Copper Cycle Lab

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Introduction Copper is an extremely significant element in many ways whether it be biological, environmentally, or even economically, and each of its many forms has unique characteristics that serve many different purposes. In this experiment, chemical reactions were conducted on copper that represented its reactivity in different chemical environments. Therefore, the purpose of this experiment was to explore the copper cycle through the identification of different reaction types that occurred in it and that eventually lead up to the regeneration of the original product.
Materials and Methods The preparation of the experiment started off by placing a hot plate on a ring stand. A 50 mL beaker was then attached to the iron ring and placed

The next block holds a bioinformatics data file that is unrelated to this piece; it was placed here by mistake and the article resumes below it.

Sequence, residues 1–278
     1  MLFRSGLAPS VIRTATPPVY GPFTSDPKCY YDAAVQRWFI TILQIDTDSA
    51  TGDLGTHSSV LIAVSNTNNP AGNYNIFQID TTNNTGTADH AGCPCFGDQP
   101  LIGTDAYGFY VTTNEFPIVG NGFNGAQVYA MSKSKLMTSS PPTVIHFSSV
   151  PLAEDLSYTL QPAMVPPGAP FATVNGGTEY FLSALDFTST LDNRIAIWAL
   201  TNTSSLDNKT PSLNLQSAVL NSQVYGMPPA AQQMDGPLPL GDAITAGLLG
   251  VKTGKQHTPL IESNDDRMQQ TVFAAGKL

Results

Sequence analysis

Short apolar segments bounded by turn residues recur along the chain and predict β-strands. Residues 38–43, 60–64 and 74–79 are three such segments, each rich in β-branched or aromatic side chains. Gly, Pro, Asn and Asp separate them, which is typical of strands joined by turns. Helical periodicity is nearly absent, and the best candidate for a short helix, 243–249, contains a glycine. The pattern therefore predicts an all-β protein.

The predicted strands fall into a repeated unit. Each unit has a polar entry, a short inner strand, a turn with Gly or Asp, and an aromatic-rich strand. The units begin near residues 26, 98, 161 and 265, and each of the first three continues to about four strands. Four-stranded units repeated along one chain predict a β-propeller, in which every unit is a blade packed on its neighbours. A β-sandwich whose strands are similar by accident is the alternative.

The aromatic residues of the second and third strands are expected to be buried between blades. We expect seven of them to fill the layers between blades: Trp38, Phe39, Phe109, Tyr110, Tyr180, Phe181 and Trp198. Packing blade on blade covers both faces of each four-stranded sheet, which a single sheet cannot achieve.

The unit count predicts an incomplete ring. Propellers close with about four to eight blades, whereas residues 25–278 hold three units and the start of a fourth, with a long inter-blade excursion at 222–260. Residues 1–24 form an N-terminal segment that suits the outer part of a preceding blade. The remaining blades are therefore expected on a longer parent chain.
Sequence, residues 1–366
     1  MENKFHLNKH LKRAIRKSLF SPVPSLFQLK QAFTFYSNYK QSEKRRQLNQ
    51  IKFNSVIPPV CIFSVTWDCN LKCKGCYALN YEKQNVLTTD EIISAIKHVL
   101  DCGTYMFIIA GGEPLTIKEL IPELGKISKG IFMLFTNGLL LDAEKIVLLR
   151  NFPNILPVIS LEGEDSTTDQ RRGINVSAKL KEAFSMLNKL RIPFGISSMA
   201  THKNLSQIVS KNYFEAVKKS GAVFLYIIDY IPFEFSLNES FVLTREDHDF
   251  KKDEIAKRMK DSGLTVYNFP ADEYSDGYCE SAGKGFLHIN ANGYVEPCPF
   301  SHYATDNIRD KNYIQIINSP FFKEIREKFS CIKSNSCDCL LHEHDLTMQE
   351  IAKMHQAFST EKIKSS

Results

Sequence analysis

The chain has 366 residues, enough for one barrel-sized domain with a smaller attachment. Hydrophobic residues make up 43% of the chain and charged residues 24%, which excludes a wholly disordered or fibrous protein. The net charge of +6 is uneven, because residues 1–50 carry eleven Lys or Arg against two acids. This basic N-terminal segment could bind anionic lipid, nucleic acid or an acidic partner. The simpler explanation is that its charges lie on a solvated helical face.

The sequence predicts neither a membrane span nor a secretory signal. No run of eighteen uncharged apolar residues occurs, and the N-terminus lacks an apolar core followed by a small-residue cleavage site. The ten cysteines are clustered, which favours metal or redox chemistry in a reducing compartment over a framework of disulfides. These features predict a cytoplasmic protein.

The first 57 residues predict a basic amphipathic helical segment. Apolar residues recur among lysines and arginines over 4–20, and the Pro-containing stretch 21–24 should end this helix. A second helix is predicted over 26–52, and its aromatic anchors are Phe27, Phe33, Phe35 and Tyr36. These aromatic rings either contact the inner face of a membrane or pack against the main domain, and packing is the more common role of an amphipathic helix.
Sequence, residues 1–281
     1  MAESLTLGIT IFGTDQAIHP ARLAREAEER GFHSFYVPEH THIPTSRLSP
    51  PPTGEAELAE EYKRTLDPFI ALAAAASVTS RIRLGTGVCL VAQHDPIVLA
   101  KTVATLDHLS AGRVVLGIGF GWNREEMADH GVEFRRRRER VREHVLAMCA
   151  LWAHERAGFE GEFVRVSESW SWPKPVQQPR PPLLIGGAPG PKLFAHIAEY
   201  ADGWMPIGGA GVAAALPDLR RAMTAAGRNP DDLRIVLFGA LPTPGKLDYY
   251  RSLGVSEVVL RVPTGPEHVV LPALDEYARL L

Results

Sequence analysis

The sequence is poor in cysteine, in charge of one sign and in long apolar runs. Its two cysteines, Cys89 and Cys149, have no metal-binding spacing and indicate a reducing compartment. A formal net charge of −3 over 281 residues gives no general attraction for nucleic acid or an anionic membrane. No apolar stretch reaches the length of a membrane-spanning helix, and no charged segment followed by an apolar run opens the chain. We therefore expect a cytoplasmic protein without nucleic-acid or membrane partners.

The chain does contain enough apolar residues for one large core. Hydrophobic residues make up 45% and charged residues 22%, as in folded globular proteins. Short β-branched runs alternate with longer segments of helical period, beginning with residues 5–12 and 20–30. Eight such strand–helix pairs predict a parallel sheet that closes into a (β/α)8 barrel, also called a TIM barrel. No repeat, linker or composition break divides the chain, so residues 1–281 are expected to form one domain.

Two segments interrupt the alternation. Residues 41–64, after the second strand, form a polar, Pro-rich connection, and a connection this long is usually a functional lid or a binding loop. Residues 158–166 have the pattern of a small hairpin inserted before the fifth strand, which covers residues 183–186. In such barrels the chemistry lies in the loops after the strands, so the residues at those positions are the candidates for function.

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In the first step of the cycle, about 5 mL of 6 M HNO3 were added to the beaker containing the 0.2471 grams of copper turnings. In the reaction that followed, the copper turnings dissolved as the solution turned green and eventually light blue accompanied by a small sizzle. The chemical reaction that took place here was Cu(s) + 4 HNO3(aq)  Cu(NO3)2(aq) + 2 NO2(g) + 2 H2O. This was a redox reaction because oxidation occurs. This was proven from the reaction because copper was oxidized by the nitric acid when the copper turnings chemically combined to the acid with oxygen. The equation demonstrated this with the transferring of electrons, which revealed the change in the oxidation state of copper. In the second step of the cycle the color of the solution changed from blue to green after 55 drops of 6 M NaOH3 were added. There were also blue pieces of solid that began to form. When 85 drops were added, the liquid was now a dark blue. However, it wasn’t until 99 drops were added when the litmus paper turned blue when coming in contact with the solution. The chemical reaction that took place was Cu(NO3)2(aq) + 2 NaOH(aq)  Cu(OH)2(s) + 2 NaNO3(aq) and was a metathesis reaction because a precipitate was formed. The precipitate was evident from the solid blue pieces of Cu(OH)2(s) that formed in the solution. This double displacement reaction was also supported from the equation when copper and sodium switched places in the products. In the third step of the cycle, after setting the heat to 355°, small amounts of a dark solid began to form at the bottom of the beaker. The liquid gave off steam, began to bubble, and turned a blackish color after a few minutes. After the solution cooled down, a dark black/brown precipitate was seen settled at the bottom portion of the beaker. In the fourth step of the cycle, the liquid was decanted and 10 mL of distilled water was added. After

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